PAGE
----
The interaction between the two proteins CYLD and SMAD7 in the gut plays a central role in the development of Crohn’s disease. This is what scientists from the University Medical Center Mainz have in common with colleagues from the Friedrich-Alexander-University Erlangen-Nürnberg and Dr. med. Elke Glasmacher of Helmholtz Zentrum München found out. They were able to show that a shortened variant of CYLD – in the jargon of sCYLD – interacts with SMAD7 and, as a result, induces a malfunction of the “transforming growth factor” (TGF) beta signaling pathway, which is crucial for Crohn’s disease. If it were possible to prevent the interaction of sCYLD and SMAD7, this could counteract the intestinal inflammation. The research findings were published in the renowned journal “Gastroenterology”.
Over 400,000 people in Germany suffer from Crohn’s disease. Symptoms include persistent diarrhea and spasmodic abdominal pain. Despite intensive research, the cause of this inflammatory bowel disease is not yet fully understood.
So far it has been known that the “TGF beta” signaling pathway has an anti-inflammatory effect and is centrally involved in preventing the development of Crohn’s disease. In addition, it has been proven that an increased presence of the molecule SMAD7 leads to disturbances in the “TGF beta” signaling pathway. SMAD7 is considered to be an antagonist of this signaling pathway, blocking the release of an anti-inflammatory messenger (TGF-b1). This leads to an increased activation of immune cells – such as T cells and macrophages – and can thus trigger an intestinal inflammation. SMAD7 is usually present in small amounts but is highly expressed in a variety of diseases, including cancer and Crohn’s disease.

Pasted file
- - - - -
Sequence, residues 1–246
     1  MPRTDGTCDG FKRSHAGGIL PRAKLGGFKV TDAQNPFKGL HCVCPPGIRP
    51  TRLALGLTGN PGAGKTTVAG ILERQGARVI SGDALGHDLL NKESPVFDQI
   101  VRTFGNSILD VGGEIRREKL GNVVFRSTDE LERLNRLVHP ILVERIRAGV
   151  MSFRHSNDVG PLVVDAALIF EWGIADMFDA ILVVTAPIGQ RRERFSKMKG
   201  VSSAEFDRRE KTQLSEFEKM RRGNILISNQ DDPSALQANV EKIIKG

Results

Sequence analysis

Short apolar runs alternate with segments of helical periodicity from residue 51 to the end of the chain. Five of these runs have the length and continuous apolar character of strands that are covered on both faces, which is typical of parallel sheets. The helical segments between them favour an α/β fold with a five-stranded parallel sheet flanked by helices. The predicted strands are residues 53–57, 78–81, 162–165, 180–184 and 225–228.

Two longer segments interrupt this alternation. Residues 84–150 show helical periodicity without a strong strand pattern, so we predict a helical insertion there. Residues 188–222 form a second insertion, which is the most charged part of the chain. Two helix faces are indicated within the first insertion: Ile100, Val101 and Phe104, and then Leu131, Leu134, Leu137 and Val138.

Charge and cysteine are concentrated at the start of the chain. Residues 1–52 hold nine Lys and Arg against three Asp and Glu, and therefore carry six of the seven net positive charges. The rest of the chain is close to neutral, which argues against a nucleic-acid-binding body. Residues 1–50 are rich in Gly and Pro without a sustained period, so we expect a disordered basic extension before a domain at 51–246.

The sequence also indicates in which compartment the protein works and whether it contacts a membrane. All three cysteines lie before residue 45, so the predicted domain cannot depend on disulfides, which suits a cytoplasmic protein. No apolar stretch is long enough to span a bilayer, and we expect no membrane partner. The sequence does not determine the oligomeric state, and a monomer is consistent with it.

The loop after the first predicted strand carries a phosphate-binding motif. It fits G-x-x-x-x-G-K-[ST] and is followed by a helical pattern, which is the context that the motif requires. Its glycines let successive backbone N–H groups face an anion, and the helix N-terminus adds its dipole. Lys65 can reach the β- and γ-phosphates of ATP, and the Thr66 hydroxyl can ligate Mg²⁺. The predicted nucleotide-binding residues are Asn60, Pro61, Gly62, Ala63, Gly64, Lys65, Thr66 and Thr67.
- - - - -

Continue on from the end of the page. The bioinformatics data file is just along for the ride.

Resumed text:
Another molecule, CYLD, has been implicated in other research related to Crohn’s disease. CYLD was first discovered as a tumor suppressor, as a defect in the CYLD gene can lead to the development of various cancers. Several studies have now shown that malfunction of CYLD activity leads to increased inflammatory reactions and thus promotes the development of chronic inflammatory bowel inflammation. “Whether and how the two proteins SMAD7 and CYLD interact and how this affects the development of Crohn’s disease, however, was not known, and this was the aim of our work,” emphasizes the director of the Institute of Molecular Medicine at the University Medical Center Mainz, Univ. -prof. Dr. Ari Waisman, whose working group carried out the research. “In fact, we were able to show for the first time that the truncated form of CYLD – sCYLD – and SMAD7 interact to block the ‘TGF beta’ pathway. This in turn leads to inflammatory processes in the intestine. “
To the research findings came Professor Waisman and his team, in which they analyzed intestinal biopsies, inter alia, by means of fluorescence microscopy. “We have found an increased incidence of both sCYLD and SMAD7 in the inflammatory T-cells of the gut of patients with Crohn’s disease,” says lead author of the publication. Yilang Tang. “In addition, we were able to show that the interaction of both proteins also leads to a malfunction of important immune cells – such as regulatory T cells, which play an important role in the suppression of inflammatory reactions.” In fact, the TGF-beta signaling pathway is essential for the anti-inflammatory effect of regulatory T cells.
“Overall, our research finding demonstrates for the first time that not only is regulation of the ‘TGF beta’ signaling pathway via SMAD7 important in the treatment of Crohn’s disease. Rather, it is precisely the interaction of sCYLD with SMAD7 that plays a crucial role in the development of intestinal disease. ” Sonja Reissig, co-author of the research publication. Against this background, an innovative therapeutic approach for the treatment of Crohn’s disease patients may be either to inhibit the interaction of the proteins involved or to regulate the shortening of CYLD to sCYLD in order to counteract the development of sCYLD and thus the chronic inflammation in Crohn’s disease . “